Time in the market is more crucial than market timing.

Missing out on the best trading days can significantly impact your returns. For instance, if you missed the ten best trading days over a 30-year period, your returns could drop from 9% to 6%. The majority of profits are generated during a small number of trading days, emphasising the importance of staying invested.

A recent example is that on 17th August 2023, the S&P500 was at 2370, and has drifted downwards to a low of 4117 on October 27th. In the 5 trading days to 3rd November it has recovered to 4358- a gain of 5.85% in a week (and arguably a return which takes an average of more than 7 months to achieve.

Warren Buffett famously said, “The stock market is a device for transferring money from the impatient to the patient.” Buffett’s long-term investment approach has yielded an average return of 20% since 1965.

Short-Term Gains vs. Long-Term Returns

Short-term gains can be exciting, but it is essential to differentiate between short-term trading and long-term investing. Short-term investing is fast-paced, time-consuming, and often driven by market psychology. It focuses on immediate price movements and the potential for quick profits.

On the other hand, long-term investing seeks realistic and statistically proven returns. While it is possible to achieve higher returns than average, but consistent long-term investing is key.

The Lower Risk of Long-Term Investments

One of the key advantages of long-term investing is the reduction of risk over time. With an investment horizon of a decade or decades, the likelihood of losses decreases significantly.

Looking back at the last eleven decades, losses have only occurred twice. With a well-diversified portfolio and a fifteen-year or longer investment horizon, positive returns have been consistently achievable since 1950.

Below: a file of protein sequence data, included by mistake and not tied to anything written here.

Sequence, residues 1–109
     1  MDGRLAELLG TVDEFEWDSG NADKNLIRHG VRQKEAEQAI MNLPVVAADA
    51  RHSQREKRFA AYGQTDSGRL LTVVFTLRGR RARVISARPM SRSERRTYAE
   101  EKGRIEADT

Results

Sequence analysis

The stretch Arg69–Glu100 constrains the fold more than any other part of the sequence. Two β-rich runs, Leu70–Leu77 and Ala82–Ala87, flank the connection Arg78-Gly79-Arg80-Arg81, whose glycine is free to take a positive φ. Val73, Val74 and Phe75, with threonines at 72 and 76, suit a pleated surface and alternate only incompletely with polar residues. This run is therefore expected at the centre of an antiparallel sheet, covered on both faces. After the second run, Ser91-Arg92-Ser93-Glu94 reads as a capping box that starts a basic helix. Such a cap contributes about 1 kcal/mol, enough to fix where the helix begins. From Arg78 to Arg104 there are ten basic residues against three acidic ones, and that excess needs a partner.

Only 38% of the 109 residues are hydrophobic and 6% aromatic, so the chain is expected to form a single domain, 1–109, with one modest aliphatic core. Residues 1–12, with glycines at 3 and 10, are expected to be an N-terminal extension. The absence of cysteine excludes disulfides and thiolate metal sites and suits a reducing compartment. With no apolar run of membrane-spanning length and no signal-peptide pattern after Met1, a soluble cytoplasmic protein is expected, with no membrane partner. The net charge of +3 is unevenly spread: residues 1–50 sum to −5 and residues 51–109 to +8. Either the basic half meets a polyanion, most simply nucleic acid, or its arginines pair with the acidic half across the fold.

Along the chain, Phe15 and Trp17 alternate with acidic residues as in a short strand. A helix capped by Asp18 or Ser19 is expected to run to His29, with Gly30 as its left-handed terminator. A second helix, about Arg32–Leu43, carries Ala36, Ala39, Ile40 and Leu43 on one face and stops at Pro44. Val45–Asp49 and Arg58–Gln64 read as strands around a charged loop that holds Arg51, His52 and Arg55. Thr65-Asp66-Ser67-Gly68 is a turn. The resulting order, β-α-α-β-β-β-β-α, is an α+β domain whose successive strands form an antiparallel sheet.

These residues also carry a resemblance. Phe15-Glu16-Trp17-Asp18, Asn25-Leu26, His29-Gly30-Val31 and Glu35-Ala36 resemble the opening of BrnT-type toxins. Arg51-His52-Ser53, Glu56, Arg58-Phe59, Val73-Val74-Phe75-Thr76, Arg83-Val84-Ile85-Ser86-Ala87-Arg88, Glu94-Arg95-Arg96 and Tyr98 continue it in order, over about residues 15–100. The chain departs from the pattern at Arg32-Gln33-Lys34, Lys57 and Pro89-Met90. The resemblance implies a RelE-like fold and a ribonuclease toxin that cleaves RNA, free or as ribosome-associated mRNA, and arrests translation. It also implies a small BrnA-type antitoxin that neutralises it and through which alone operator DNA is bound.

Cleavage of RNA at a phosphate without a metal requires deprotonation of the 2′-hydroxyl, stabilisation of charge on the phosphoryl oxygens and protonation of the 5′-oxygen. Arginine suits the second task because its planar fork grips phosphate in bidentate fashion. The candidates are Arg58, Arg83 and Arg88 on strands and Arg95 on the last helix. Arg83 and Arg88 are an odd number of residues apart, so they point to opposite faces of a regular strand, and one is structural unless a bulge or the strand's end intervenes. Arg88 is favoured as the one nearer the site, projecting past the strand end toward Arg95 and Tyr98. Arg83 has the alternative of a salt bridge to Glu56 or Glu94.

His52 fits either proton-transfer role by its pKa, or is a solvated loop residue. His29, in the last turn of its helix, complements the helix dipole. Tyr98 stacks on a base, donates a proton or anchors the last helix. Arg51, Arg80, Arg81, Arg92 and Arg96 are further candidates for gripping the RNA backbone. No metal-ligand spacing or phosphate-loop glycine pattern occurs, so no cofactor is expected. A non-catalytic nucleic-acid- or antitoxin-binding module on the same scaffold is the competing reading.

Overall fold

The Limitations of Historical Performance

While historical performance provides valuable insights, it is essential to recognise that past performance does not guarantee future results.

Various factors, such as anomalies or market bubbles, can impact investment returns. The dot-com bubble in 1999 and the housing bubble in 2008 significantly influenced market performance. More recently, Covid 19, the war in Ukraine, and the HAMAS Israel conflict have all dulled markets and impact on short-term gains.

When evaluating historical data, it is crucial to consider inflation-adjusted returns as well. Real average returns account for inflation, providing a more accurate representation of your purchasing power. By understanding the limitations of historical performance, you can set realistic expectations for your investment returns.

Setting Realistic Expectations

It is natural to aspire to earn higher returns on your investments. While it is possible to achieve returns greater than the average, it is important to approach investing with realistic expectations. Historically established returns, ranging from 5% to 8%, serve as a reasonable benchmark for most investors.

Rather than focusing solely on achieving high returns, prioritise long-term investing, diversification, and staying invested through market fluctuations. Remember that investing is a long-term journey, and patience is key to achieving your financial goals.

Understanding that average returns are not consistent returns is crucial for evaluating the success of your investment strategy.

While historical data provides insights into average returns, it is important to consider factors such as market volatility and the limitations of past performance. Long-term investing, staying invested, and setting realistic expectations are key to maximising investment returns.